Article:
The importance of maintaining a positive public profile is imperative to most organisations, however, social media slip-ups happen to the best of us and I think these businesses are going to have to do A LOT of crisis management to try and regain public approval after these blunders…
1- KitchenAid gets political
Following the 2012 re-election of President Barack Obama, kitchen appliance giants KitchenAid tweeted out an extremely callous message from their official American Twitter page. It brazenly insinuated that the cause of Obama’s grandmother’s passing was because she knew how ‘bad’ his first term as president was going to be.
Consequently, KitchenAid immediately issued statements claiming that the cause of the insensitive tweet was down to an employee who accidentally tweeted from the company profile as opposed to their own private one. KitchenAid proceeded to send personal apologies to Obama over Twitter in hopes to diffuse the situation.
2- Domestic violence mix-up
When DiGiorno Pizza saw the hashtag #WhyIStayed trending on Twitter, they took the opportunity to try and inject a bit of humour into their newsfeed by contributing to the discussion with “You had pizza”. This obviously being a harmless remark with no malicious intent. However, it seemed to backfire as the topic of discussion surrounding the hashtag #WhyIStayed was domestic abuse, a fact that DiGiorno’s were completely unaware of. This evidently sparked annoyance with the general Twitter public as many felt offended by their tasteless manipulation of a serious issue.
DiGiorno’s followed up their mistake by sincerely apologising to their followers and assuring them that they meant no harm with their comment.
3- Coca-Cola gets flushed for their poor geography
On release of Coca-Cola’s annual Christmas campaign, they sent out a tweet with a picture attached of a cartoon, snow-covered Russia. As harmless as this seems, on closer inspection of the map, Kaliningrad (a city that was annexed by Russia during WW11) was missing off the map.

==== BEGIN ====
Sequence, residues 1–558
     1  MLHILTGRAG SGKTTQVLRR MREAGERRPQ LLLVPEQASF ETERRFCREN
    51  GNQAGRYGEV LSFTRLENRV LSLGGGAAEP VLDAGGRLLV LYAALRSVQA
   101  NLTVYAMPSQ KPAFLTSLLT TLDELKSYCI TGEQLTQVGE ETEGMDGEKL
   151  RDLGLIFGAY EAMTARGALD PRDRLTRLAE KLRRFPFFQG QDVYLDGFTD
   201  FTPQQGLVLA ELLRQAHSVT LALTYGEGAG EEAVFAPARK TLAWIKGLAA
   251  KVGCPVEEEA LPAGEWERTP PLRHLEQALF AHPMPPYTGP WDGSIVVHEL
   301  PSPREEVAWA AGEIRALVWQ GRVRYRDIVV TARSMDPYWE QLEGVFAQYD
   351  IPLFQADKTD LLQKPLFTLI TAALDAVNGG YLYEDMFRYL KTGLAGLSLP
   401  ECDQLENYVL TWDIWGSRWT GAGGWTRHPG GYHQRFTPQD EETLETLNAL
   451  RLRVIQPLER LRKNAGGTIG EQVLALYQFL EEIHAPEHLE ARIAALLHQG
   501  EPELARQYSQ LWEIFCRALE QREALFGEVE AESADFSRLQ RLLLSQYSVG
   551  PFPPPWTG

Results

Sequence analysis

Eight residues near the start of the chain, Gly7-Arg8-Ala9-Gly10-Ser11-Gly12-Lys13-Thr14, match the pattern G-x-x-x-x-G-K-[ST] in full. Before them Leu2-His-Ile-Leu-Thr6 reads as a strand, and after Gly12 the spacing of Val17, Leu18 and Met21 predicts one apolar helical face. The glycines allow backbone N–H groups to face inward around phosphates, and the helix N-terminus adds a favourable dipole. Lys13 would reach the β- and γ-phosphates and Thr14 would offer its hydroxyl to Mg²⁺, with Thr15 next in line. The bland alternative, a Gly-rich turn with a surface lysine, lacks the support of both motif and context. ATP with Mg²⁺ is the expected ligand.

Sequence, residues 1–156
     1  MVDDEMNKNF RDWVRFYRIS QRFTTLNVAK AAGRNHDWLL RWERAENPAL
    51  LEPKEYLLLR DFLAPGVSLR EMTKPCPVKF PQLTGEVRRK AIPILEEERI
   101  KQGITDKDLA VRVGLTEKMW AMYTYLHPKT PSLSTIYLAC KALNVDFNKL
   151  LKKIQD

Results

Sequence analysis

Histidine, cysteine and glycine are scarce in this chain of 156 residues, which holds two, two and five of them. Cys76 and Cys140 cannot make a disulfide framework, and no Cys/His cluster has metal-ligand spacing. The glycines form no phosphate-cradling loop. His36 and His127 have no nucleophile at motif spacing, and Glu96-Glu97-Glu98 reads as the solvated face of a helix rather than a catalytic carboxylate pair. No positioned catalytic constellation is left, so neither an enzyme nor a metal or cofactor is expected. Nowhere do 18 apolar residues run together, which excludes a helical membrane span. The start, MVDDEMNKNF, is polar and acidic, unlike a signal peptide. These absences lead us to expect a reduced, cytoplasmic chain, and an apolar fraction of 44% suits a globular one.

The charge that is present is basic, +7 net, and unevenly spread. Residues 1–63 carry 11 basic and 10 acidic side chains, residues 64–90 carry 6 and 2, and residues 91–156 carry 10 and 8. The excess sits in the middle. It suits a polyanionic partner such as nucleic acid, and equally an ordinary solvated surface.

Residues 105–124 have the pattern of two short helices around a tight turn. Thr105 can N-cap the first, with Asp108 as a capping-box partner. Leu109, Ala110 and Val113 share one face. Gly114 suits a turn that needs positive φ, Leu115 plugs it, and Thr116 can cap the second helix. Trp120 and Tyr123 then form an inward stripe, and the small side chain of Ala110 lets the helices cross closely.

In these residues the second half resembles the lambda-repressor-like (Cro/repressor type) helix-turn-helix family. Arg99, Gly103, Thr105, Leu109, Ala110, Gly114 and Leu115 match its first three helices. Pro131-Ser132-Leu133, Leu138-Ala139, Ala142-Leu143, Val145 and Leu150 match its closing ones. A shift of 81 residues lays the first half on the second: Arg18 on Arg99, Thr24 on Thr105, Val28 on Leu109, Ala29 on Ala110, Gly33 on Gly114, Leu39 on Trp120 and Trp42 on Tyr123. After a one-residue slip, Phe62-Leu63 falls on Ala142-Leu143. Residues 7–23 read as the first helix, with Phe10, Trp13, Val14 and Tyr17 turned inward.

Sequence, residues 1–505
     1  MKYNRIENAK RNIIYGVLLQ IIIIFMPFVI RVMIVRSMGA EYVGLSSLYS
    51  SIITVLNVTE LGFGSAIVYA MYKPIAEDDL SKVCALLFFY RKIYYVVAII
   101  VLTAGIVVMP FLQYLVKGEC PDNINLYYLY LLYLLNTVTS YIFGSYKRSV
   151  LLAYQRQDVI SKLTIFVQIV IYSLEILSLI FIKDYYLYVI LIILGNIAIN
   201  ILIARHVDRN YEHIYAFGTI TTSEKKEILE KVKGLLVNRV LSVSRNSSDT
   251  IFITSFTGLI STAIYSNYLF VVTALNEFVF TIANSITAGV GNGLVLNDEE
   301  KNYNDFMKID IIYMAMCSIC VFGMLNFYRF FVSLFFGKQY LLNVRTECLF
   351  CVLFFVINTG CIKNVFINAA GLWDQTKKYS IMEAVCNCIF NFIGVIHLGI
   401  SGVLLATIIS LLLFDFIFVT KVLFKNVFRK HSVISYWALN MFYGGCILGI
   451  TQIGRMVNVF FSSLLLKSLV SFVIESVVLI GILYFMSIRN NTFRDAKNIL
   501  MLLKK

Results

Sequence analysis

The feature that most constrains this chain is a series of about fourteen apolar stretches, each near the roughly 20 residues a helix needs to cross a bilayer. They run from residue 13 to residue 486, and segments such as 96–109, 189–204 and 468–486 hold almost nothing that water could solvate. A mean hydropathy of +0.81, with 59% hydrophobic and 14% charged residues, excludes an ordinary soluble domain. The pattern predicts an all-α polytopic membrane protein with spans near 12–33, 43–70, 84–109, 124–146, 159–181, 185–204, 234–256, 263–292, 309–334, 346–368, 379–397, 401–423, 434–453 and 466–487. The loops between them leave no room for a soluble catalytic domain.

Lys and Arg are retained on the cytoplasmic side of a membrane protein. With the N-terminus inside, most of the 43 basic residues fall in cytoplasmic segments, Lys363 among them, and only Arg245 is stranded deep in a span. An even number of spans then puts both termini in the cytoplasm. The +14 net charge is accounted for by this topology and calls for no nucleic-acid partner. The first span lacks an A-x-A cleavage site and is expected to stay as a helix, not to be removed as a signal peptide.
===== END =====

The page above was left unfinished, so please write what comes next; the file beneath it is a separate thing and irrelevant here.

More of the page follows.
As you can imagine, the loyalists of Russia were very unhappy about this and so took to Twitter, posting images of them flushing Coca-Cola down their toilets and tagging #BanCocaCola
4- And the Oscar goes to…Oprah!
With thousands of people following the #Oscars trend as the awards were announced, it left little room for embarrassing tweets to go unnoticed. Total Beauty magazine fell into this hole of humiliation after posting a tweet with a picture of Whoopi Goldberg attached, however, the caption was tagging Oprah Winfrey! – Very bad timing to get celebrities confused and two very fierce and iconic ladies to get mixed up.
5- “White Makes You Win”
From bad to worse, this PR campaign that was posted on Twitter by the beauty brand Seoul Secret promoting skin-lightening products depicts two images of the same model. On one image she has her natural skin-tone and is smiling charmingly, however on the other image, she has been edited/covered in makeup to look like she has a significantly darker skin-tone. She also seems to be glaring maliciously when portrayed as the woman with the deeper skin which, coupled with the tagline “White Makes You Win” gives off very colourist vibes.
Not only this but the company also tweeted out information about how the singer Chris Horwang claimed she only started seeing success when she began lightening her skin- It’s no surprise that this didn’t go down well!
It’s clear to see that company’s need to be extremely careful when it comes to sharing/posting/associating with any controversial online content as they can lose a lot of custom from saying the wrong thing. Not researching into effective ways to use social media means that companies are now tripping up on little mistakes (like not researching hashtags) which can be detrimental to their businesses’ status!
-Well, at least there’s no such thing as bad publicity…I think.